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Whitfield v. Bolewis and Fluor Enterprises

United States District Court, S.D. Georgia, Augusta Division

November 13, 2017




         Plaintiff commenced the above-captioned employment discrimination case pro se and is proceeding in forma pauperis (“IFP”). Because she is proceeding IFP, Plaintiff's amended complaint must be screened to protect potential Defendants. Phillips v. Mashburn, 746 F.2d 782, 785 (11th Cir. 1984). Pleadings drafted by pro se litigants must be liberally construed, Haines v. Kerner, 404 U.S. 519, 520-21 (1972), but the Court may dismiss a complaint, or any part thereof, that is frivolous or malicious or that fails to state a claim upon which relief may be granted. 28 U.S.C. §§ 1915(e)(2)(B)(i) & (ii).



         Taking all of Plaintiff's factual allegations as true, as the Court must for purposes of the present screening, the facts are as follows. Plaintiff was employed by Fluor Enterprises. (Doc. no. 4, p. 8.) Plaintiff attended an employee meeting on April 5, 2016, wherein Defendant Bo Lewis, her foreman, said to another employee he would let Plaintiff give him “mouth to mouth.” (Id. at 5, 9, 11.) Plaintiff did not respond. (Id. at 9.) Plaintiff alleges generally this was not the first time Mr. Lewis made sexual comments toward Plaintiff, but she does not describe any other incidents. (Id. at 5.) The next day, April 6, 2016, Mr. Lewis “wrote up” Plaintiff for being insubordinate by wearing eyeliner. (Id. at 5, 9.) Another employee wore eyeliner but was not written up. (Id.) Plaintiff had not been written up before. (Id. at 9.)

         Because of Mr. Lewis' formal complaint, Plaintiff was placed on suspension on April 7, 2016. (Id. at 9.) Plaintiff informed human resources about Mr. Lewis' “mouth to mouth” statement and alleged she was written up because she did not respond to the statement. (Id. at 5.) Human resources told Plaintiff there were no witnesses to the exchange, but Plaintiff indicated there were. (Id.) Plaintiff said “‘you dig on (sic) ditch you dig two, '” which is a “biblical term.” (Id.) Human resources interpreted this as a threat and fired Plaintiff on April 24, 2016. (Id.)

         Plaintiff filed a charge with the United States Equal Employment Opportunity Commission (“EEOC”). The EEOC issued a right to sue notice on May 18, 2017, and Plaintiff timely filed this suit on September 16, 2017. (Id. at 7.)


         1.Legal Standard for Screening

         The amended complaint or any portion thereof may be dismissed if it is frivolous, malicious, or fails to state a claim upon which relief may be granted, of if it seeks monetary relief from a defendant who is immune to such relief. See 28 U.S.C. § 1915(e)(2)(B). A claim is frivolous if it “lacks an arguable basis either in law or in fact.” Neitzke v. Williams, 490 U.S. 319, 327 (1989). Moreover, “[f]ailure to state a claim under § 1915(e)(2)(B)(ii) is governed by the same standard as dismissal for failure to state a claim under Fed.R.Civ.P. 12(b)(6).” Wilkerson v. H & S, Inc., 366 F. App'x 49, 51 (11th Cir. 2010) (citing Mitchell v. Farcass, 112 F.3d 1483, 1490 (11th Cir. 1997)).

         To avoid dismissal for failure to state a claim upon which relief can be granted, the allegations in the complaint must “state a claim for relief that is plausible on its face.” Bell Atl. Corp. v. Twombly, 550 U.S. 544, 570 (2007). “A claim has facial plausibility when the plaintiff pleads factual content that allows the court to draw the reasonable inference that the defendant is liable for the misconduct alleged.” Ashcroft v. Iqbal, 556 U.S. 662, 678 (2009). That is, “[f]actual allegations must be enough to raise a right to relief above the speculative level.” Twombly, 550 U.S. at 555. While Rule 8(a) of the Federal Rules of Civil Procedure does not require detailed factual allegations, “it demands more than an unadorned, the defendant unlawfully-harmed-me accusation.” Iqbal, 556 U.S. at 678. A complaint is insufficient if it “offers ‘labels and conclusions' or ‘a formulaic recitation of the elements of a cause of action, '” or if it “tenders ‘naked assertions' devoid of ‘further factual enhancement.'” Id. (quoting Twombly, 550 U.S. at 555, 557). In short, the complaint must provide a “‘plain statement' possess[ing] enough heft to ‘sho[w] that the pleader is entitled to relief.'” Twombly, 550 U.S. at 557 (quoting Fed.R.Civ.P. 8(a)(2)).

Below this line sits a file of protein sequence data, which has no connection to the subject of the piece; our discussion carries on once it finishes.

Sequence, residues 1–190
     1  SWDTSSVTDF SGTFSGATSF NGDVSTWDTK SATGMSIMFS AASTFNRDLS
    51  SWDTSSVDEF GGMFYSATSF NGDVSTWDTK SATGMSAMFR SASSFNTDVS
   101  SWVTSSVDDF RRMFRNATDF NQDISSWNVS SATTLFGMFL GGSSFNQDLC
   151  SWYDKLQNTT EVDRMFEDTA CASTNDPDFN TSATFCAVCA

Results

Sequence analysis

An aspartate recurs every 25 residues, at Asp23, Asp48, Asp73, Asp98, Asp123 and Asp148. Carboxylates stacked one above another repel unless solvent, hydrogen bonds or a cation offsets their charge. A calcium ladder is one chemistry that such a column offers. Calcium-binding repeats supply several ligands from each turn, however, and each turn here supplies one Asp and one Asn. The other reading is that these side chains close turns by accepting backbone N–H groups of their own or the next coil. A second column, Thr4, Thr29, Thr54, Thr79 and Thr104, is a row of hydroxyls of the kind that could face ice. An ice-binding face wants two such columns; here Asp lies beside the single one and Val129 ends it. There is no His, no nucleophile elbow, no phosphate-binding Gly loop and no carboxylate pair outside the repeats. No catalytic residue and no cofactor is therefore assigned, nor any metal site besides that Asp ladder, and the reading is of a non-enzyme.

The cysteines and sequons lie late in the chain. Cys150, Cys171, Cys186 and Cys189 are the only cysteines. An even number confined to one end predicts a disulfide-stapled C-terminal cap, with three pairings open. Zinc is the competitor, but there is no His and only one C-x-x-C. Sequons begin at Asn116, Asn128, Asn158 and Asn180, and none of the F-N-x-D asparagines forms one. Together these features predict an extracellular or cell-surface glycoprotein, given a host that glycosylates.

Finally, the court affords a liberal construction to a pro se litigant's pleadings, holding them to a more lenient standard than those drafted by an attorney. Haines v. Kerner, 404 U.S. 519, 520 (1972); Erickson v. Pardus, 551 U.S. 89, 94 (2007). However, this liberal construction does not mean that the court has a duty to re-write the complaint. Snow v. DirecTV, Inc., 450 F.3d 1314, 1320 (11th Cir. 2006).

         2. Defendant Lewis Should Be Dismissed.

         Plaintiff has brought her Title VII claims against Mr. Lewis in addition to Fluor Enterprises, her past employer. However, the relief granted under Title VII is against the employer, not individual employees who violated the Act. Busby v. City of Orlando, 931 F.2d 764, 772 (11th Cir. 1991). Thus, individual capacity suits under Title VII are inappropriate, and the only proper defendant in a Title VII suit is the employer or supervisory employees in their official capacities as agents of the employer. Id. To the extent Plaintiff names Mr. Lewis in his official capacity as a supervisory employee, her claims are redundant because she has already named Fluor Enterprises. Busby, 931 F.2d at 776; Wheeles v. Nelson's Elec. Motor Servs., 559 F.Supp.2d 1260, 1267 (M.D. Ala. 2008) (“However, when a plaintiff names both the employer and the individual ...

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